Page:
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A Fuse #8 Production
Inside A Fuse #8 Production

Review of the Day: The Mysterious Benedict Society (Part Two)


(CONTINUED FROM PART ONE)

In terms of the sequel, one person I discussed the book with said of it, "I don’t feel I need to go back to that world." I agree, in a way. Stewart wraps up his loose ends nicely. Unlike some series for kids, you aren’t left with many holes or gaps in the plot. There is certainly room for a follow-up, but if you don’t read it you won’t feel you’ve missed something. The important thing to remember is that clever kids like clever tales. For children who like everything from "The Westing Game" by Ellen Raskin to The Puzzling World of Winston Breen, by Eric Berlin, this is the book for them. Consistently fun and fine, the book whizzes through its 400+ pages so fast that you’ll be shocked at how quickly you find yourself at the end.

Notes on the Book Flap: I love that there’s a Morse Code message hidden on the flaps.  Of course, if any child looses the cover, they won’t be able to solve the mystery on the final page of the book.  Hopefully that will not happen often.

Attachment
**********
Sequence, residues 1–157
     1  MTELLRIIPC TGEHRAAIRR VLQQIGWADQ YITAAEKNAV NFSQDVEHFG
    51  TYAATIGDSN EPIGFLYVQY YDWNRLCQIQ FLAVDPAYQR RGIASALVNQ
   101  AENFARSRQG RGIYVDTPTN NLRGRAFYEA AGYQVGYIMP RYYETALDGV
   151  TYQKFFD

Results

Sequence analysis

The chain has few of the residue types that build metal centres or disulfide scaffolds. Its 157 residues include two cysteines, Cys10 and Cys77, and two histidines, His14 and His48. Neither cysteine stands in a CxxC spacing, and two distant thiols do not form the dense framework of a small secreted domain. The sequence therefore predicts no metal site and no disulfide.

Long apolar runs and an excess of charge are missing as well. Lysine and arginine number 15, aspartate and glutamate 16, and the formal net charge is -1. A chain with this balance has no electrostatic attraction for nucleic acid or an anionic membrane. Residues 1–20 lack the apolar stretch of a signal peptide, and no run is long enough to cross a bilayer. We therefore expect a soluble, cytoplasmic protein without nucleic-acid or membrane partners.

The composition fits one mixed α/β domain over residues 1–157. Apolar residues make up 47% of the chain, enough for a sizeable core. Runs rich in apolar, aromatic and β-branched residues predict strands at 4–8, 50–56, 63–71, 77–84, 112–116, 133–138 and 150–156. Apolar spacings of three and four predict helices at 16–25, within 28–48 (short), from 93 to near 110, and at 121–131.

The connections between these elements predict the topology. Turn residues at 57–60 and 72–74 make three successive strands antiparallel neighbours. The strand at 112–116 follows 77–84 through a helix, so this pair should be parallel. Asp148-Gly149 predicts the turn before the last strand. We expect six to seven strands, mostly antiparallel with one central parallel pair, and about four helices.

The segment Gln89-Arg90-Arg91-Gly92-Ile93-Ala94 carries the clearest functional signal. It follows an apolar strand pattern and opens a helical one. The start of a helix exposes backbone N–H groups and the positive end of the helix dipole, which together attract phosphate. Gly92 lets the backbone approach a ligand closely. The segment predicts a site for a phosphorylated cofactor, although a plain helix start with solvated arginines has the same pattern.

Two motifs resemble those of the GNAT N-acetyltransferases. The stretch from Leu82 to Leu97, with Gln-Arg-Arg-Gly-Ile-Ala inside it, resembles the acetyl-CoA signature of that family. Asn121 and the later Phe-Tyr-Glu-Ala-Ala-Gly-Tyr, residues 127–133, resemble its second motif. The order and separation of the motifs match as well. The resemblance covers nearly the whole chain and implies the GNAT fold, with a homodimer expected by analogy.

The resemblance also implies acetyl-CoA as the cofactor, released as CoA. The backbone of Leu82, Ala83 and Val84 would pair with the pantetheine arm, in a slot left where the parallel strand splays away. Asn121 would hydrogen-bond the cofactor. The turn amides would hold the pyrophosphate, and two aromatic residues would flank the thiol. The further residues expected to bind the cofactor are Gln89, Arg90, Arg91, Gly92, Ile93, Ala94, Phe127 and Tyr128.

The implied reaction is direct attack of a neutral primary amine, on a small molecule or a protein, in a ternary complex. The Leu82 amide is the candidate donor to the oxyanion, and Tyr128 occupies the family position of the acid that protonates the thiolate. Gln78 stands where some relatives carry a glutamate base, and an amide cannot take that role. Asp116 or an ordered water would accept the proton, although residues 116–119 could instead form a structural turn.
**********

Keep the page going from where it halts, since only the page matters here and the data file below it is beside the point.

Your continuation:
Notes on the Cover:  Whoo-boy.  All right now this… this is a problem.  On the outset it looks like a pretty cool cover, right?  The illustrations both here and inside are done by one Carson Ellis, who has drawn album covers for bands like The Decemberists n’ such.  That is all well and good.  So I’m admiring the cover when I notice something.  Maybe this got changed in subsequent printings of the book but if so they certainly haven’t changed it anywhere online.  I am referring to the character of Sticky Washington.  Sticky has dark skin in the book.  Now look on the cover.  It took me a while to figure out why I wasn’t seeing Sticky there.  I was, but they’ve bleached him out.  In short, they made Sticky white.  What on earth?  Now whose brilliant idea was this?  “Hey guys, about that kid who isn’t white?  Why don’t we just forget to color him in when we print the book?  That’s cool, right?”  Ye gods, this is an oversight!  Look at him!  He’s paler than Constance!  Talk about a bad jacket art move. For shame.